Getting planetside was as simple as colliding with a member of the upper management on the Lunar station who looked at least passably like me, stealing his wallet, and purchasing the ticket. Once on United Earth, I threw the entire stolen wallet into a panhandler’s can and used some of the cash I had pulled out to check into a moderately priced motel. The constant trembling in my hand was annoying, but what felt most uncomfortable to me was the gravity of United Earth. Our station back home rotated at a speed to match the 1.22 Gs of Ulaan Khuree. Even though I was born on United Earth, every step I took felt like I was about to float away into the atmosphere. Somehow I thought going “home” would awaken a kindred feeling in me, something I never felt for the station. Instead, it drove an even greater wedge between me and United Earth. The citizenry didn’t help; every one of them had flawlessly smooth skin, perfectly colored and cut hair, and slim bodies with a minor amount of muscle that was probably only obtained for aesthetic reasons. I wondered if even that small amount of musculature was something real these citizens worked for or just achieved through cosmetic implants. I thought of Branch, her greying temples, and the fine scars of battle on her strong but feminine jaw. Within two hours of landing, I knew I belonged on the ruddy dust-covered lands of Ulaan Khuree, among people who met the hardships of life head-on without help from automata.
A spasm from my left hand acted as the physical representation of an exclamation point. I would never see that planet again.
I had landed in Puget City, a gleaming megalith conglomerated from the pre-United Earth cities of Seattle, Tacoma, Vancouver, and several surrounding suburbs. Before I had left the station, Branch and I began planning my moves. An extensive search on the U-net didn’t turn up any information that indicated a Verge takeover of United Earth. That meant the Verge worlds were acting with more subterfuge than we thought they would. That meant it would be harder to find proof for my troops back on the station and the Khagan. It also meant the upcoming battle against the Verge worlds involved in the plot would be easier; we might get aid from United Earth once the plot was exposed. Hidden somewhere among the large estates across the Sound from Puget City proper, on Bainbridge Island, was the residence of Puget City’s representative to United Earth Congress, Paul Gorixi, the man Branch and I agreed to be the most likely Verge political operative planted in Congress. The name, Gorixi, tipped us off. It was a corruption of the Polish name Gorecki that was common to Veles, the most prosperous of the Verge worlds and one which chose independence instead of a seat on the United Earth Congress at the signing of the Treaty of Cydonia. Tensions still ran high between Velesians and citizens of United Earth, so it was rare to see one planetside at all, much less acting in a governmental role.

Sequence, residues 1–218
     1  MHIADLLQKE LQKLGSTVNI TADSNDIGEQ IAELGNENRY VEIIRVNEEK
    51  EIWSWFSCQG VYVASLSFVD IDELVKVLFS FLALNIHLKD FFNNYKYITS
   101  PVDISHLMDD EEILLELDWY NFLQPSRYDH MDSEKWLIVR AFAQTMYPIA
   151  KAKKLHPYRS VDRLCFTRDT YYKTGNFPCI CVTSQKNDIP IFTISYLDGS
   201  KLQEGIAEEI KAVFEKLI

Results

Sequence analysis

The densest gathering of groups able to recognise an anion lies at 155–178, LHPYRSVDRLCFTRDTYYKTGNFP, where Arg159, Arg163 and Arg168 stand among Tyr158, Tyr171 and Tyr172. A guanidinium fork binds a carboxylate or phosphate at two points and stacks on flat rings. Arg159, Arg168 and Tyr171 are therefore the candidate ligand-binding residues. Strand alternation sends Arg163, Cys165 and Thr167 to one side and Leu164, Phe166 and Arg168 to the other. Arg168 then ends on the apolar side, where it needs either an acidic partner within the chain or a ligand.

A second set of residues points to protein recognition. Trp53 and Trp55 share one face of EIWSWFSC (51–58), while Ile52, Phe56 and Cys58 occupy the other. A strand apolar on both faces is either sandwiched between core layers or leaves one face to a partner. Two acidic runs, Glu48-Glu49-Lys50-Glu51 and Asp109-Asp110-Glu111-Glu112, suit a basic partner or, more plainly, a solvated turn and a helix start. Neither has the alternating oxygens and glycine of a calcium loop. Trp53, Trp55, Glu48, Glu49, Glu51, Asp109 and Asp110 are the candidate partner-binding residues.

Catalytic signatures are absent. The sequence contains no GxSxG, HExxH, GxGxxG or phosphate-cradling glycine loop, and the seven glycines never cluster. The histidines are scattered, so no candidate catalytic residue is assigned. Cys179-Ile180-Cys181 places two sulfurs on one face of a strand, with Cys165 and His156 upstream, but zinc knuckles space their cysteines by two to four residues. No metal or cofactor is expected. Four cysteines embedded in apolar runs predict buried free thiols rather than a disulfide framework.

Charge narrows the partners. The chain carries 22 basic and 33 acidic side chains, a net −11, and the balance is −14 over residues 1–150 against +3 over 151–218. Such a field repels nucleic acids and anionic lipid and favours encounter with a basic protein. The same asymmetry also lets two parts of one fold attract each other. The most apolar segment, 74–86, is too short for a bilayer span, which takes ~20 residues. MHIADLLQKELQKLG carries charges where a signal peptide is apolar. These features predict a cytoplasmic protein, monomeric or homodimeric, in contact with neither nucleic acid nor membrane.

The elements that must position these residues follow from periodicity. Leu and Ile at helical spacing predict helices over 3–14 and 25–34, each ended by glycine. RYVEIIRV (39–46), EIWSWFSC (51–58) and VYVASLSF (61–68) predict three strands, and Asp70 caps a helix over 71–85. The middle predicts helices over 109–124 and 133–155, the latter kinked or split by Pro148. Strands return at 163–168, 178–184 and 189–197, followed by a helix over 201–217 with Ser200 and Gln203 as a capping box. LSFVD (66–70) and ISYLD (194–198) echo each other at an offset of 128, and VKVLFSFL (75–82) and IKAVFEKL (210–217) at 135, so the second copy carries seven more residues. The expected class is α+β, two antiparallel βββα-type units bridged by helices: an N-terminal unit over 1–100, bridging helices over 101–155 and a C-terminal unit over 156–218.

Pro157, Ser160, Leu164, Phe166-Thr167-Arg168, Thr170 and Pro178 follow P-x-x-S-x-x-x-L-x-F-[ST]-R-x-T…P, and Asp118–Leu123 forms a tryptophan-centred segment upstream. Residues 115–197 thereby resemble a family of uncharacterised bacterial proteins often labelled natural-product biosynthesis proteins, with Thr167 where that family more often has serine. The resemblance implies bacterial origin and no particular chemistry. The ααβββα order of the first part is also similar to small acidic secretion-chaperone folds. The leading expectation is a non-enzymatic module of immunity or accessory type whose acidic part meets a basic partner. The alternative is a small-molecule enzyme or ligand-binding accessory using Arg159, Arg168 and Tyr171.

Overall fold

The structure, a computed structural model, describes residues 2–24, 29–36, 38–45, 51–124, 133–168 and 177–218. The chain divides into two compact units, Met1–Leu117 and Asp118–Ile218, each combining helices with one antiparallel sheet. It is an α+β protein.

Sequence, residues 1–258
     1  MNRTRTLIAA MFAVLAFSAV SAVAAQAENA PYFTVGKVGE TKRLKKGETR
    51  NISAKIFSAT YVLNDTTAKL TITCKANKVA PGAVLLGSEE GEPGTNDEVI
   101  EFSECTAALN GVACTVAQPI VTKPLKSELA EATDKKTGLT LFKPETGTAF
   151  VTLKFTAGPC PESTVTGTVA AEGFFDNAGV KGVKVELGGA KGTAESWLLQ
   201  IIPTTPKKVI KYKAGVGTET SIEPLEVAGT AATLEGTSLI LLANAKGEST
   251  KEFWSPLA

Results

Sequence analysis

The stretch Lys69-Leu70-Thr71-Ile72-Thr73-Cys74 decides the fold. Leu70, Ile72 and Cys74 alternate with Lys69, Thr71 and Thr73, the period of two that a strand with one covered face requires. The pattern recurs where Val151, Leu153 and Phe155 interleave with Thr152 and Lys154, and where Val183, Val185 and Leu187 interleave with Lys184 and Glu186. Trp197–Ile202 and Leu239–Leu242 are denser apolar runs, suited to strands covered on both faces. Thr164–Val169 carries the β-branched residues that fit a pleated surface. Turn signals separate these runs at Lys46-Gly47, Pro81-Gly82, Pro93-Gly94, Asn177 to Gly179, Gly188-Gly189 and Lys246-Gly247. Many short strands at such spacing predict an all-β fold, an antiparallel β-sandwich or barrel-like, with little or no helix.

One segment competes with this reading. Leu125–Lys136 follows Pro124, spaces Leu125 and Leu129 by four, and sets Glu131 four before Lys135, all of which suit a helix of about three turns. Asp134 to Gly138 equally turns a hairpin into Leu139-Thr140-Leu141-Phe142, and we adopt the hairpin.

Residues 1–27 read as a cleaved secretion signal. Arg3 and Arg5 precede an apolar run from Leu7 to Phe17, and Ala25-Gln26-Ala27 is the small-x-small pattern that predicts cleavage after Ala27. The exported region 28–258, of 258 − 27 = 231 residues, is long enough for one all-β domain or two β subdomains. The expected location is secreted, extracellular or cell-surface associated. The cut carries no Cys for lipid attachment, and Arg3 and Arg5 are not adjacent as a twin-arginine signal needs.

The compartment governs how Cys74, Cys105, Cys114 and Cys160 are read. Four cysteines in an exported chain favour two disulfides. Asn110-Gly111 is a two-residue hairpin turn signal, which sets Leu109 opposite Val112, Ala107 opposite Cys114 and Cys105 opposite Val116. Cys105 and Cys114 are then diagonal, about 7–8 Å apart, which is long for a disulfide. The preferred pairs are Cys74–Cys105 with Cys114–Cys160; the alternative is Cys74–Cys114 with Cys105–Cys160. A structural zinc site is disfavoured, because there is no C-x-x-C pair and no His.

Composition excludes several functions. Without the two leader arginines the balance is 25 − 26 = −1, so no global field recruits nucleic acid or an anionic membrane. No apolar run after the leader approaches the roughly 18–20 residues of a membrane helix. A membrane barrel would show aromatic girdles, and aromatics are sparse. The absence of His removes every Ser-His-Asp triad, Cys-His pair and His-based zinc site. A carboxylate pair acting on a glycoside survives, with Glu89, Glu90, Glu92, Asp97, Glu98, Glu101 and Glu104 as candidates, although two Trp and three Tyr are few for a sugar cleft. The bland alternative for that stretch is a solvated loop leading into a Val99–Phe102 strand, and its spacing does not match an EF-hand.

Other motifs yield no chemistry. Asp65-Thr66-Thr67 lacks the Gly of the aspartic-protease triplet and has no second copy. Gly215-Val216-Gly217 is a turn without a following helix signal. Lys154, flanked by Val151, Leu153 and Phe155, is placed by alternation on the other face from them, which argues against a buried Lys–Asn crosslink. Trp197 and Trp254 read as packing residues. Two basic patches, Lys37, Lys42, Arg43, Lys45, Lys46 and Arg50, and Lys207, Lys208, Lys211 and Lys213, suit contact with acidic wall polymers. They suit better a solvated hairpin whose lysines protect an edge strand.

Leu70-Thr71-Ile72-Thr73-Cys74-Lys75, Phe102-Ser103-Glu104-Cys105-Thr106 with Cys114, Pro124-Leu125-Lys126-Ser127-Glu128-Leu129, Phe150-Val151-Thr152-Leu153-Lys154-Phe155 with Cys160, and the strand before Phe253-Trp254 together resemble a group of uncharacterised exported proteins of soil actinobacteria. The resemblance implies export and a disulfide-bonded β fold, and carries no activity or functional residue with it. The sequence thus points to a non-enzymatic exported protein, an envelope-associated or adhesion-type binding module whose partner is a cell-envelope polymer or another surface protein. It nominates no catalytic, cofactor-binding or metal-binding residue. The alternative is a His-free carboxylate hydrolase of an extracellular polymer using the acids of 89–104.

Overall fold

We weren’t able to find the exact location of Congressman Gorixi’s house, but Branch and I were able to narrow it down to a street. I bought some fashionable running attire and retired to my motel for the night. Finally in a space that didn’t inspire slight claustrophobia, lying in comfortable bed made even more plush by the weak gravity, and able to fully seal the room’s one window against intrusive light, I thought I’d get some much needed sleep. It was the worst night of my life. Once I finally escaped the hours of lying flat on my back trying to ignore the incessant and increasingly violent tremors in my left arm, I entered a fever dream state somewhere between sleeping and wakefulness. I could hear Branch calling my name, her gruff though still feminine voice echoing off metal walls. I ran down E Corridor along the dragon graffiti, the writhing image of the beast’s midsection was interrupted by a single clawed foot, then another, then another. Twelve feet in all before I reached Jansson’s Folly. Once there, Branch’s calls had started coming from behind me. I turned to find the dragon’s face moving, lifting away from the walls. Branch’s voice was definitely coming from inside the dragon. I rushed back toward the corridor-cum-fang lined maw to rescue her, but I wasn’t fast enough. The dragon’s jaws clamped down on me.
The pain of my dream death startled me awake, but the sensation didn’t subside. It felt like a full-body cramp. I couldn’t move voluntarily, but my body quaked as muscles fought and strained against one another. I was having a seizure. I had entered the second stage of Birk-Verge. For the rest of the night, once the seizure had passed, I alternated between light sleep and tiredly running mental calculations about how long I could expect to live.
I rose from my bed and showered with sun, feeling entirely unrested. I changed into my running gear and threw my stunner and a few flasks of water into a small shoulder pack. I fit in perfectly with the early risers of Puget City; most were dressed for fashionable light cardio followed by brunch before starting their half work days. I returned the myriad smiles, nods, and waves I received on my walk to the vintage ferry that connected the Market district and Bainbridge Island. Once on the island, I had another short walk to King Street where I began my run. The conditioning routine I had forced myself into while traveling in the supply barge made it no work at all to jog at a moderate pace down the seven mile stretch of pavement on which Gorixi lived. Several houses – if the sprawling residences could be called anything but mini-mansions – were staffed with private security. Almost all were dressed in suits with tell-tale weapon bulges near the hip or under the arm, though the degree of stoicism varied greatly. Some peered at me with all the suspicion of a Martian convenience store owner, while other calmly smiled, waved, and returned their attention to their tablet crossword game. On mile 5 I was beginning to worry that I would have to prod the security of each house in some way and identify Gorixi’s place by the security response. Then I passed an unassuming – for this street – light blue Alpine half-timbered structure. Here, the perimeter guards wore black, full-body combat suits. The suits didn’t look quite as heavy as those I wore during the Verge war, but they were still formidable. This was the house. I studied the guard positions out of my peripheral vision as I ran past. At the end of the street, I took a breather and drank most of my water. I also formulated my plan of attack for the assault on Gorixi’s residence.